The Mahabharata of Krishna-Dwaipayana Vyasa, Volume 4 eBook

This eBook from the Gutenberg Project consists of approximately 1,582 pages of information about The Mahabharata of Krishna-Dwaipayana Vyasa, Volume 4.
his who gives away ten kine.  That person, who rescues kine and Brahmanas (from danger) in the wilderness, O Kausika, becomes himself rescued from every kind of calamity.  Hear what his merit is.[363] The merit such a man acquires is equal to the eternal merit of a Horse-sacrifice.  Such a person attains to whatever end he desires at the hour of death.  Many a region of felicity,—­in fact, whatever happiness he covets in his heart,—­becomes attainable to him in consequence of such an act of his.  Verily, such man, permitted by kine, lives honoured in every region of felicity.  That man, who follows kine every day in the woods himself subsisting the while on grass and cowdung and leaves of trees, his heart freed from desire of fruit, his senses restrained from every improper object and his mind purified of all dross,—­that man,—­O thou of a hundred sacrifices, lives in joy and freed from the dominion of desire in my region or in any other region of happiness that he wishes, in the company of the deities!”


“Indra said, ’I wish to know, O Grandsire, what the end is that is attained by him who consciously steals a cow or who sells one from motives of cupidity.”

“The Grandsire said, ’Hear what the consequences are that overtake those persons that steal a cow for killing her for food or selling her for wealth, or making a gift of her unto a Brahmana.  He, who, without being checked by the restraints of the scriptures, sells a cow, or kills one, or eats the flesh of a cow, or they, who, for the sake of wealth, suffer a person to kill kine,—­all these, viz., he that kills, he that eats, and he that permits the slaughter,—­rot in hell for as many years as there are hairs on the body of the cow so slain.[364] O thou of great puissance, those faults and those kinds of faults that have been said to attach to one that obstructs a Brahmana’s sacrifice, are said to attach to the sale and the theft of kine.  That man, who, having stolen a cow makes a gift of her unto a Brahmana, enjoys felicity in heaven as the reward of the gift but suffers misery in hell for the sin of theft for as long a period.  Gold has been said to constitute the Dakshina, O thou of great splendour, in gifts of kine.  Indeed, gold has been said to be the best Dakshina in all sacrifices.  By making a gift of kine one is said to rescue one’s ancestors to the seventh degree as also one’s descendants to the seventh degree.  By giving away kine with Dakshina of gold one rescues one’s ancestors and descendants of double the number.  The gift of gold is the best of gifts.  Gold is, again, the best Dakshina.  Gold is a great cleanser, O Sakra, and is, indeed, the best of all cleansing objects.  O thou of a hundred sacrifices, gold has been said to be the sanctifier of the entire race of him who gives it away.  I have thus, O thou of great splendour, told thee in brief of Dakshina.’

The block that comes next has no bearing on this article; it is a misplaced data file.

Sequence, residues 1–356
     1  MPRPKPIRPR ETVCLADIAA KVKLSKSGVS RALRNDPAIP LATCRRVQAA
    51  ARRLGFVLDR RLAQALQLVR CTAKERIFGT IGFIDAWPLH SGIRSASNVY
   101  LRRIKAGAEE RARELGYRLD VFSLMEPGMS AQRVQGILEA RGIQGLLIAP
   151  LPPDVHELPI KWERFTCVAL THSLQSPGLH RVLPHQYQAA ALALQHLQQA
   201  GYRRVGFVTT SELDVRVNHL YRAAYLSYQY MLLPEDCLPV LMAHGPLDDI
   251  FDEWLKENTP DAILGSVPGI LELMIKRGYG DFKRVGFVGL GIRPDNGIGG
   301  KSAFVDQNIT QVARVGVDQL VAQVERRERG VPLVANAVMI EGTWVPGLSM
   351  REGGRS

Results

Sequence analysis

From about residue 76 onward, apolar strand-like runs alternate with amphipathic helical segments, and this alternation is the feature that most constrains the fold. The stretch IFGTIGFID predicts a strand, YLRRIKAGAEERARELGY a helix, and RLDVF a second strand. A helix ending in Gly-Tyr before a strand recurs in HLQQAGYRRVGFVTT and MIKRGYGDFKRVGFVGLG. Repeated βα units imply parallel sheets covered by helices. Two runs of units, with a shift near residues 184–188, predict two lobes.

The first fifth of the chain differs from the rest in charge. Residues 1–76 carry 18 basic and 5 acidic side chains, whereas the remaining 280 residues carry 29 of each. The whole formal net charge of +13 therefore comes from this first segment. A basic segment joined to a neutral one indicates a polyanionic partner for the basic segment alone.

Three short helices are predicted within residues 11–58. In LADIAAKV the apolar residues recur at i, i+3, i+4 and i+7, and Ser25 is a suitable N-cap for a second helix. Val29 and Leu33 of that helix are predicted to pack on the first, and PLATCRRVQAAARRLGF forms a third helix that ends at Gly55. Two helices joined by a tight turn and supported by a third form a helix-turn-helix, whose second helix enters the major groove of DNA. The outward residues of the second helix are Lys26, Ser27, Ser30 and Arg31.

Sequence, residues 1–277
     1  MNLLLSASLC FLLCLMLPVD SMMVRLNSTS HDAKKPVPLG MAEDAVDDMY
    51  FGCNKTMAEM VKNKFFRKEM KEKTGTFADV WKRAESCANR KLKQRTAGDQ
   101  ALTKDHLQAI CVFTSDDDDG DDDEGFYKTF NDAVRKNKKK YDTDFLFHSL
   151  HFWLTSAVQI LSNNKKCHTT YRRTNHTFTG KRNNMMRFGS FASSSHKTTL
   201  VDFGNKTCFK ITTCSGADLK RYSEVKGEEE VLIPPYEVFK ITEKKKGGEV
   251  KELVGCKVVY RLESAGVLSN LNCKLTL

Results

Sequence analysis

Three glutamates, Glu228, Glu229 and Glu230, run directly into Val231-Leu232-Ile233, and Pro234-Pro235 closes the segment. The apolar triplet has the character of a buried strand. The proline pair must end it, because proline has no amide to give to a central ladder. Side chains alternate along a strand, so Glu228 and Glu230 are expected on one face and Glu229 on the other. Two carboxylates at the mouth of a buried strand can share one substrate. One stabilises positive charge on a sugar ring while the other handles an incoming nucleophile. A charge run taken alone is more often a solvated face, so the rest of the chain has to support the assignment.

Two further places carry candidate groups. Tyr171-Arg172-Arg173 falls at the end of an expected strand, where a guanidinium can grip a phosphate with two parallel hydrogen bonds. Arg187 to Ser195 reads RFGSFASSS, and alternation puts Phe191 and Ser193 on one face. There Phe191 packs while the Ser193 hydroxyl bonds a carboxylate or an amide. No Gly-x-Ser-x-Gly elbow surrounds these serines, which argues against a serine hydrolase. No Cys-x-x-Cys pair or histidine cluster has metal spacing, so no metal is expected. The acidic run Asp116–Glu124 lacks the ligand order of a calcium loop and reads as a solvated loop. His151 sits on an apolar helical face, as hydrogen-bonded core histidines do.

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The Mahabharata of Krishna-Dwaipayana Vyasa, Volume 4 from Project Gutenberg. Public domain.
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